Frankenstein and the Inescapability of the Creator-Creature Relation

In Mary Shelley’s masterpiece Frankenstein, we learn of a young scientist, Victor Frankenstein, consumed with the desire to unlock the mystery of life. After many nights in his laboratory, he manages to bring a horrendous looking creature, put together from dead human parts, to life. Instead of exhilaration, Frankenstein is filled with horror. Listen to the fateful moment:[1]

It was already one in the morning; the rain pattered dismally against the panes, and my candle was nearly burnt out, when, by the glimmer of the half-extinguished light, I saw the dull yellow eye of the creature open; it breathed hard, and a convulsive motion agitated its limbs.

At that moment, looking into the dull yellow eyes of the creature he had brought to life, young Frankenstein learns something of the sacredness of life. This was supposed to be the moment of his greatest triumph! He had succeeded where no one before had done so! Yet he had played with a power that he could not control. His reaction:[2]

How can I describe my emotions at this catastrophe, or how delineate the wretch whom with such infinite pains and care I had endeavoured to form? His limbs were in proportion, and I had selected his features as beautiful. Beautiful! Great God! His yellow skin scarcely covered the work of muscles and arteries beneath; his hair was of a lustrous black, and flowing; his teeth of pearly whiteness; but these luxuriances only formed a more horrid contrast with his watery eyes, that seemed almost of the same colour as the dun-white sockets in which they were set, his shriveled complexion and straight black lip.

Image this moment. The creature looks up to his creator, seeking affirmation and love, but it is met instead with horror and disgust. The creature searches the eyes of his creator, wondering why? For what purpose did my creator make me? But no answer is forthcoming. Frankenstein runs out of the room. The creature follows to his bedchamber, mutters some incoherent sounds, and reaches an arm toward his creator, only to have Frankenstein evade him and run out of the building. I don’t want to ruin the story for you if you haven’t read this classic, but I will say: from the moment of his creation, the creature is intimately connected to his creator. As much as Frankenstein wants to deny it (or forget it), he and his creation are inescapably bound together. Not only did the young Frankenstein deny a relationship to his creation, but he also denied the creature a purpose. The creature tried in vain to find favor with members of the human race, and because he had not been given any purpose in life, he made one up himself: to destroy his creator.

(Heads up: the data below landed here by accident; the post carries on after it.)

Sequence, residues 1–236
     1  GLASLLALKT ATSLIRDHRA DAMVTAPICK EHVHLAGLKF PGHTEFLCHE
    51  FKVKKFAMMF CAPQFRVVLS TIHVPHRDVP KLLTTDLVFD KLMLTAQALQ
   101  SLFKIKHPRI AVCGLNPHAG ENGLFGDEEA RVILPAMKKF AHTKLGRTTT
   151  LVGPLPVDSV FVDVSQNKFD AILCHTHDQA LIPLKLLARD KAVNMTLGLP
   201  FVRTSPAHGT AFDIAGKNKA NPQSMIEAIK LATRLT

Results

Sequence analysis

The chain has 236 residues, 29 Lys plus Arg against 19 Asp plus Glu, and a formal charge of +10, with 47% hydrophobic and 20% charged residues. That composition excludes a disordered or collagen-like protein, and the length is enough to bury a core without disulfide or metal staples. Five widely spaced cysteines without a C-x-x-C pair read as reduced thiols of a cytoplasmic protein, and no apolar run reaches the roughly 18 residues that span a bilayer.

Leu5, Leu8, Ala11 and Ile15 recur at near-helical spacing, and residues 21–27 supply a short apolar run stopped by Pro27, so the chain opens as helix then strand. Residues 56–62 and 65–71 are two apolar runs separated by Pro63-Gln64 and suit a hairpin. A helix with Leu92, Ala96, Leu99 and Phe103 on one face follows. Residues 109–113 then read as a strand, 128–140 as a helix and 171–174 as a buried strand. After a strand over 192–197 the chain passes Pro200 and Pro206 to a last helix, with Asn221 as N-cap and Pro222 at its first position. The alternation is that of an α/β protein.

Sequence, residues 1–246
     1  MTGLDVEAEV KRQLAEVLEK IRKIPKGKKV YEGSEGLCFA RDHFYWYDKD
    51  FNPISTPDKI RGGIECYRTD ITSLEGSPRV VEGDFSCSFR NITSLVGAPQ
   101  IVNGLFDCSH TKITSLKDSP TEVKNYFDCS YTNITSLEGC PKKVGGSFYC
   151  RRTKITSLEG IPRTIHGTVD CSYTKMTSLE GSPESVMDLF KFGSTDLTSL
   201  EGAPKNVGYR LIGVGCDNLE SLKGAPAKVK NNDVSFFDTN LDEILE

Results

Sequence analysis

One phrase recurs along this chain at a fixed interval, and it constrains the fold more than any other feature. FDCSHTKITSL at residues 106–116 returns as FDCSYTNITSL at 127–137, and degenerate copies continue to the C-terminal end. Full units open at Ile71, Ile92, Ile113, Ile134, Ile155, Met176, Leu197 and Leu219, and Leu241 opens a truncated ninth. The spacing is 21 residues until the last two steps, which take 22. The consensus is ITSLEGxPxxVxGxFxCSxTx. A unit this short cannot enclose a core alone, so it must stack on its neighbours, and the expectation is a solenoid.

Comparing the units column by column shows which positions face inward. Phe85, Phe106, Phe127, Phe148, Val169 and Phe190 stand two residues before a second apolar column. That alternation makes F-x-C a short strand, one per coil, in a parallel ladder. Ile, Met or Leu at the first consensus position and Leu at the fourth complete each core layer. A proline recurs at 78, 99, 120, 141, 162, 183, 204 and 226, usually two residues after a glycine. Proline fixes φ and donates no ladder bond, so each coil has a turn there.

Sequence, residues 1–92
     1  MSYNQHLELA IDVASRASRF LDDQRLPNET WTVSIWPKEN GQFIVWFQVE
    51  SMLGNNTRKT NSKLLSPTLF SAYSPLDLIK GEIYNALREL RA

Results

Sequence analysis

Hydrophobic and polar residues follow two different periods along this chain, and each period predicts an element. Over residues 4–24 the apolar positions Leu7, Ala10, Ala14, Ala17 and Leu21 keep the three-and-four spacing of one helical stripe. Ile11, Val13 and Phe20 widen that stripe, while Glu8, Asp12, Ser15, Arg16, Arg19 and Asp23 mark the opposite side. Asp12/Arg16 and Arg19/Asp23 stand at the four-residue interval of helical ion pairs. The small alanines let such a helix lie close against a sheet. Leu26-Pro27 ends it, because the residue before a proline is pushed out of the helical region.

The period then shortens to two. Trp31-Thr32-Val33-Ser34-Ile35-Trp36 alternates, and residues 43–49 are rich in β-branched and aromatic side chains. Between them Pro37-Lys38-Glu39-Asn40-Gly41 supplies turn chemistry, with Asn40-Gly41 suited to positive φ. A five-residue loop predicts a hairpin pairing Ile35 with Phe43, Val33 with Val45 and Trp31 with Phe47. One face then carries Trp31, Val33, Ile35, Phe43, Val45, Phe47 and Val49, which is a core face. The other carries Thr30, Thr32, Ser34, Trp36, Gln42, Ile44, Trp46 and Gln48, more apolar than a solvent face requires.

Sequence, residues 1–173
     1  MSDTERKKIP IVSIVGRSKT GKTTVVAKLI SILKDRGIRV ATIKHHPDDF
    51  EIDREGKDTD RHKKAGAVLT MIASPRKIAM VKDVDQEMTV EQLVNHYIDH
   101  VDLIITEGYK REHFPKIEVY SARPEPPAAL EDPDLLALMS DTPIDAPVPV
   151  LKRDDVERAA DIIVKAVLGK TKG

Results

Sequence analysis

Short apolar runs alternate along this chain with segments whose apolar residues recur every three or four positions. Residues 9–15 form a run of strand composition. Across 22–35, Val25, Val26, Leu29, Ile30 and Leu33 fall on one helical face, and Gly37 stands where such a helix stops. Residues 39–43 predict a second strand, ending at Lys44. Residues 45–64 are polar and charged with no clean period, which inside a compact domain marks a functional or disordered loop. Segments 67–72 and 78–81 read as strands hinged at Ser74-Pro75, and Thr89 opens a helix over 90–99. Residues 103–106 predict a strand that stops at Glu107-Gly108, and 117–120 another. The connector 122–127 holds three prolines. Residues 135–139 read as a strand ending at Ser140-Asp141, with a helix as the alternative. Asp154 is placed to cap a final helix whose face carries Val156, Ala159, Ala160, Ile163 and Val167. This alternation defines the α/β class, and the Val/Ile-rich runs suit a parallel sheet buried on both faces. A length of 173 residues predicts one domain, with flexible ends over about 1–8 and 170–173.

Contrast this with the story of creation as detailed in Genesis Chapter One. We learn that God first creates a place: “In the beginning God created the heavens and the earth.” (Genesis 1:1) But, God didn’t stop there, next (among other things) he creates a people: “God created man in his own image, in the image of God he created him; male and female he created them.” (Genesis 1:27) And finally, God gave his people a purpose: “God blessed them and said to them, ‘Be fruitful and increase in number; fill the earth and subdue it. Rule over the fish of the sea and the birds of the air and over every living creature that moves on the ground.’” (Genesis 1:28) And, as God beheld his work, he did not respond in horror like the young Frankenstein. Rather,  “God saw all that he had made, and it was very good.” (Genesis 1:31) God’s creation is very good. He loves it. He loves you and me. He wants to have relationship with us. He has given us a purpose.

What is interesting is that we, in a kind of reverse Frankenstein, have rejected our Creator. But God, as a good and loving God, would have nothing of it. Creator and creature are inescapably linked together. We can no more deny our Creator than Frankenstein could deny his creature. This is why religion will never go away—there is no neutral, “secular” ground in the universe—all of us respond to God in either humble praise and adoration or in rebellion.

[1] Mary Shelley, Frankenstein (London: Penguin Books, 1985), 105.

[2] Ibid.

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